14 April 2009 07:12 [Source: ICIS news]
SINGAPORE (ICIS news)--
Prime Minister Taro Aso revealed last week a new Y15,400 billion ($154bn) economic package that includes subsidies and tax incentives that should boost consumption as
Without the stimulus that was equivalent to 3% of the country's GDP, economists expect
“There is uncertainty over the enactment of the fiscal 2009 supplemental budget, which would finance this stimulus package because of the political climate,” said Akira Maekawa, a Tokyo-based economist at Swiss brokerage UBS Research.
“Politics is something of a drag over there. Everything proceeds slowly. I don’t think everyone will be particularly surprised over (potential) delays,” said David Cohen, Singapore-based chief economist at research firm Action Economics.
The supplemental budget bill is expected to be sent to the Diet on 27 April.
While the Lower House controlled by Aso’s Liberal Democratic Party can easily approve the bill, the legislation may be stalled at the Upper House, where the opposition – the Democratic Party of Japan has bigger clout, UBS’ Maekawa said.
“The problem is the current Diet session will be over on 3 June. The budget bill and the budget-related bill might have to extend the current Diet session. And still, there is uncertainty when Aso decides to go for the elections,” Maekawa said.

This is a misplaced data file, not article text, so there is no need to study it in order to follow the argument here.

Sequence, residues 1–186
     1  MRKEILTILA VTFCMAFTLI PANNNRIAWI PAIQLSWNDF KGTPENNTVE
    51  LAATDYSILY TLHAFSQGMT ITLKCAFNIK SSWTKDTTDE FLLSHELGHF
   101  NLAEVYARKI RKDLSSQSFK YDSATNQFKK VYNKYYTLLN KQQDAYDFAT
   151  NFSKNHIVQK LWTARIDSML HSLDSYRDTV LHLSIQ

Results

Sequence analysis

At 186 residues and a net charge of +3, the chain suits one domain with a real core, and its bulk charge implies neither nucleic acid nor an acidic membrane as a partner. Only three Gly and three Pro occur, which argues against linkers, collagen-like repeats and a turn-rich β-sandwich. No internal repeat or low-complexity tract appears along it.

In various media accounts, Aso was reported as saying that the schedule of the general elections will depend on the DPJ’s reception of the supplemental budget.
This move could be detrimental to the plan because it might precipitate a change in government leadership.
“The future is very, very unclear. The LDP might lose, then everything – all these might disappear,” said Maekawa.
But analysts were circumspect about the immediate economic benefits of the package as the recovery of global demand is deemed more vital for
UBS expects the new stimulus package to boost
Maekawa said he has not changed his forecast of a 4.3% year-on-year decline in
“It should be helpful on the margin for
Cohen, on the other hand, expects
“The domestic demand situation has been very fragile. Without the boost from external demand, it’s going to take a longer time for the Japanese economy to go back to potential growth of above 1%,” said UBS’ Maekawa.
This may not happen until the first quarter of calendar year 2011, he said.
($1 = Y100.09)
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